I am happy to announce the full text of both of my ALA Library Technology Reports are available now at the new TTW companion site The Hyperlinked Library.
The rest of the site is currently under construction, but for now you’ll find:
Web 2.0 & Libraries: Best Practices for Social Software (2006) – http://thehyperlinkedlibrary.org/libtechreport1/
Web 2.0 & Libraries: Trends & Technologies (2007) – http://thehyperlinkedlibrary.org/libtechreport2/
Special thanks to my SJSU SLIS grad assistant Patrick Siebold who worked very hard the past few weeks inputting the content. I know the examples from ’06 and ’07 may seem out of date and quaint in some ways, but I’m very proud of the framework we used for the works back then. Conversations, Community, Connections, Collaborations – all those great C words Jenny Levine and I used throughout our early social software roadshows in 2005 & 2006 provide a useful context for looking at Web 2.0. I hope these works are still useful to some of you. Comments are open for adding more to the chapters and I plan on doing some types of updating as time permits.
The site will also serve my course Web sites and other items related to my teaching.
Web 2.0 & Libraries: Best Practices for Social Software
Web 2.0 & Libraries: Best Practices for Social Software, by librarian, author, and technology trainer Michael Stephens. A comprehensive, pass-around resource you and your fellow library staff members can consult to plan your library’s social-software initiatives, Stephens’s report details numerous successful library implementations of some of today’s most used social-software tools, including:
- Weblogs (blogs)
- RSS feeds
- Instant Messaging (IM)
In the issue, Stephens illustrates how libraries across North America are embracing social software to reach out to their patrons—the report isbrimming with examples of libraries’ cutting-edge social-software useand strategies, implementation case histories, and best-practicesuggestions.”Some see…Web 2.0 as a set of ever-evolving tools that can benefit online users,” notes Stephens in the report’s introduction. “With these tools, users can converse across blogs, wikis, and at photo-sharing sites…via comments or through online discussions…. Some libraries and librarians are involved in creating conversations, connections, and community via many of these social tools, but it may be time for more librarians to explore how these tools can enhance communication with users….”Among the libraries discussed in the report:
- the Ann Arbor District Library, which recently garnered accolades from the Library Adminstration and Management Association (Best in Show 2006 Web Site/Home Page, $6 million+ cateory) for its blog-based online portal;
- the Kankakee Public Library and how it’s using Podcasts and Streaming Media to provide access to and information about community-interest topics such as local history and regional newsmakers; and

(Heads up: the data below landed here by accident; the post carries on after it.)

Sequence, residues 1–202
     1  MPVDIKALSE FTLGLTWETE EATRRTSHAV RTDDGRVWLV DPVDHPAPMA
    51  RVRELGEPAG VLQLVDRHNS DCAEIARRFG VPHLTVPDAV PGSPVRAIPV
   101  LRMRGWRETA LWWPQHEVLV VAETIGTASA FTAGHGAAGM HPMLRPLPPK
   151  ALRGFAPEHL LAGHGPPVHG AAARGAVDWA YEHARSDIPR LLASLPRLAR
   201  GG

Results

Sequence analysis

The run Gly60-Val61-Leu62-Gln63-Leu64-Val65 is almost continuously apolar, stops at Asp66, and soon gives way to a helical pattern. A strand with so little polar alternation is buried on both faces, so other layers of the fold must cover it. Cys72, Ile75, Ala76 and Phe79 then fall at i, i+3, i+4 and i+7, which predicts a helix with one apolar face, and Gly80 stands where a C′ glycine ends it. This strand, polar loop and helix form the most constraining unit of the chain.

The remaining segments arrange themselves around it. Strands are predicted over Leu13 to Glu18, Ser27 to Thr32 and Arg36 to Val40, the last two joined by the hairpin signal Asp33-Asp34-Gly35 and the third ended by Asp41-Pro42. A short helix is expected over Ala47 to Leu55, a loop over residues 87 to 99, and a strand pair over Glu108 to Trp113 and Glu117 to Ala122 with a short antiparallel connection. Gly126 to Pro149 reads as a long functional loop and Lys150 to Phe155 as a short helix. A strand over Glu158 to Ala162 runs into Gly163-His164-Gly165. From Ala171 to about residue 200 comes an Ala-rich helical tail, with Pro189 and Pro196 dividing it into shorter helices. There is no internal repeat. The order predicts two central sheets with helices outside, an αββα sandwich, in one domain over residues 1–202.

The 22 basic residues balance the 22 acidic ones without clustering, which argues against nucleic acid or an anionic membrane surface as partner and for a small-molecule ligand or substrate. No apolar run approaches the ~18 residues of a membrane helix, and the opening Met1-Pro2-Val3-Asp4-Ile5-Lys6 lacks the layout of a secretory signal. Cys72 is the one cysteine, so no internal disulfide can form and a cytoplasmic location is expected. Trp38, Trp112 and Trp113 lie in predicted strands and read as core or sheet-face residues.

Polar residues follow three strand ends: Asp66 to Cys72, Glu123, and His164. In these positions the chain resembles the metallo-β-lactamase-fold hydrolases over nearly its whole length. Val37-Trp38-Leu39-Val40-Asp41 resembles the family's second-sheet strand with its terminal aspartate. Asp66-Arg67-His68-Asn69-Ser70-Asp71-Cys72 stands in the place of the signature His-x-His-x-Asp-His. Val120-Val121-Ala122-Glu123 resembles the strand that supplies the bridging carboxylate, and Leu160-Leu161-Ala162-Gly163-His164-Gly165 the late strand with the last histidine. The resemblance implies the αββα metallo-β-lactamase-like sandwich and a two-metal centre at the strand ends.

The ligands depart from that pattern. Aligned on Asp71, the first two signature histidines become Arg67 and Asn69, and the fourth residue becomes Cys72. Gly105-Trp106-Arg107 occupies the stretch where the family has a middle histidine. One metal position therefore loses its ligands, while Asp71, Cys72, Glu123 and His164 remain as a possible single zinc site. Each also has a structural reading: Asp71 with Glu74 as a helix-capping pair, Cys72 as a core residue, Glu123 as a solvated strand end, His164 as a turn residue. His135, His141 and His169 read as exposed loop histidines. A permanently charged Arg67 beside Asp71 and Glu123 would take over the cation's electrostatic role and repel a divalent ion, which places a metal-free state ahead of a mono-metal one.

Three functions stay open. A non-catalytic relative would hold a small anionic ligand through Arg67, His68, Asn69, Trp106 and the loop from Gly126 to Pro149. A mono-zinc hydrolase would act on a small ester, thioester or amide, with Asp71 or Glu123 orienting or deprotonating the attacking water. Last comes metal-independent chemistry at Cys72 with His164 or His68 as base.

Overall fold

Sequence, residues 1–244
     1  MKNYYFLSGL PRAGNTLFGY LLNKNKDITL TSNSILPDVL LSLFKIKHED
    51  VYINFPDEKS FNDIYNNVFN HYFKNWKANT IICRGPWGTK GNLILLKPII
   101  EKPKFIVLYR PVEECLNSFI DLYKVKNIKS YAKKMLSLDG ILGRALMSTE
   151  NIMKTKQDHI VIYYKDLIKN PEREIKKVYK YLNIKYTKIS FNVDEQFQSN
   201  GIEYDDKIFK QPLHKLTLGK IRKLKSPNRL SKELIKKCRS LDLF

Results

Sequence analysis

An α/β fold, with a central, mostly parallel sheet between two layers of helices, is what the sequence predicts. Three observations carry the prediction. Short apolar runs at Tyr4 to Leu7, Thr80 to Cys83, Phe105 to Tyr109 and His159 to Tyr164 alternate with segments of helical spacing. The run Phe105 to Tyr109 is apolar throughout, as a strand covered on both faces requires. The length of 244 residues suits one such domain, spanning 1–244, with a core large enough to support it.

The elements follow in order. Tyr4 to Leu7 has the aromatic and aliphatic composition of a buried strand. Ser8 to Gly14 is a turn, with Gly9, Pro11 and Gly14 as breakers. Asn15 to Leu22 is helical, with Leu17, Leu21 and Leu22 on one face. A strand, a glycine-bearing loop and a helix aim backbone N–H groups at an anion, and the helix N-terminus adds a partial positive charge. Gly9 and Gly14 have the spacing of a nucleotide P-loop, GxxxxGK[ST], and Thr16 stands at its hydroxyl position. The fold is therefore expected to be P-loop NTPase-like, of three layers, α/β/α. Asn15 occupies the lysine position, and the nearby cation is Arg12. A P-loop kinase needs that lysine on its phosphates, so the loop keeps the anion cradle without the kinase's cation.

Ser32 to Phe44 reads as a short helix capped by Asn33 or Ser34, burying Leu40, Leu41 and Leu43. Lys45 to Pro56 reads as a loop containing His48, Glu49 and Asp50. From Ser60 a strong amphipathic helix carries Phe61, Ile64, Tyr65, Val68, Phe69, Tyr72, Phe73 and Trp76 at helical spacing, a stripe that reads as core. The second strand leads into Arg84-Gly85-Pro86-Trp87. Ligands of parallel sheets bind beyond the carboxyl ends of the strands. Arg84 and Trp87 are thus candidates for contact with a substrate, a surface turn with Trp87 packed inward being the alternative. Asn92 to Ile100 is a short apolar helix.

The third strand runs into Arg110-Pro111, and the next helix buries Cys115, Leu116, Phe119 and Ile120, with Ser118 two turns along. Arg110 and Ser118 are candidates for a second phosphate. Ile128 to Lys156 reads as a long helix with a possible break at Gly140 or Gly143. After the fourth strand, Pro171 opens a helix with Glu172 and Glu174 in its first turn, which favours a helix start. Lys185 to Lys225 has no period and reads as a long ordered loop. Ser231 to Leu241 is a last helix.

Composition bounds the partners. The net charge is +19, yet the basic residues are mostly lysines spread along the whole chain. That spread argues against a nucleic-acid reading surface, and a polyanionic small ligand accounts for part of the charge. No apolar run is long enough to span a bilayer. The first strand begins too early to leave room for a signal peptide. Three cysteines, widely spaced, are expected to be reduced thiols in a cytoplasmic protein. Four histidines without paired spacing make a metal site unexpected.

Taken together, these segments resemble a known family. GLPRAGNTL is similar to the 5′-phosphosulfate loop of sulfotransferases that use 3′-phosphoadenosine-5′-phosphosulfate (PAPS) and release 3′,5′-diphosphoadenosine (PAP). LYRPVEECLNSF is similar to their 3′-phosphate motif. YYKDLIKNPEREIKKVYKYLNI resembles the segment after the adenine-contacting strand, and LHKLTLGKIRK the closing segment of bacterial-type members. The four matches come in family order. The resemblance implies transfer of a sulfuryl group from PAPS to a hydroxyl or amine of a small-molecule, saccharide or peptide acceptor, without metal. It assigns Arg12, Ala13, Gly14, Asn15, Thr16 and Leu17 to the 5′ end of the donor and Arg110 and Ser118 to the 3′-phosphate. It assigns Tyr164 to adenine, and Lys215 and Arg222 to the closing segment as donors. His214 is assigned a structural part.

- the Kansas City Public Library and how its innovative use of RSS feeds is notifying patrons when new information has been added to its Subject Guides.
Filled with library-literature resource lists (print and Web-basedjournal articles, blog and wiki references, etc.) and with stories andinterviews about numerous organizations, Stephens’s report highlightsthe inroads that libraries have made (and are making)—by using social software—withtheir virtual and physical users in our increasingly Web 2.0 world.”Web 2.0 & Libraries: Best Practices for Social Software” (Library Technology Reports, 42:4) is available from ALA TechSource. To buy a single issue of the report, or to subscribe to Library Technology Reports, visit the ALA TechSource bookstore at https://publications.techsource.ala.org/bookstore.
Web 2.0 & Libraries, Part 2: Trends and Technologies
Social software, more ubiquitous than ever, continues to have a profound impact on information and communication in the Information Age.From the American Library Association to social software news aggregation, it’s clear the trend toward utilizing “Web 2.0” technologies for information and communication in the 21st century is growing stronger.In “Web 2.0 & Libraries, Part 2: Trends and Technologies,” librarian and educator Dr. Michael Stephens continues his 2.0 work and re-emphasizes the importance of libraries embracing this world of conversation, community, and collaboration.”In this issue [of Library Technology Reports],” he writes, “we’ll revisit some of the social tools presented in ‘Web 2.0 & Libraries: Best Practices for Social Software,’ address some trends guiding social technology in libraries, take a look at some newer tools, and cover some best practices for using 2.0 tools in your library.”With the “Presence in the 2.0 World ” foreward by Jenny “The Shifted Librarian” Levine, this 80-page issue of Library Technology Reports covers a broad range of Web 2.0 topics, tools, and considerations, including:
- value-added blogging
- building a community Web site with a blog
- Ten Best Practices for Flickr & Libraries
- libraries and social sites like MySpace, Facebook, YouTube
- tagging and social bookmarking
- Messaging in a 2.0 World: Twitter & SMS
- The OPAC Rebooted
- how libraries such as the Hennepin County Library and the Arlington Heights Memorial Library are using 2.0 tools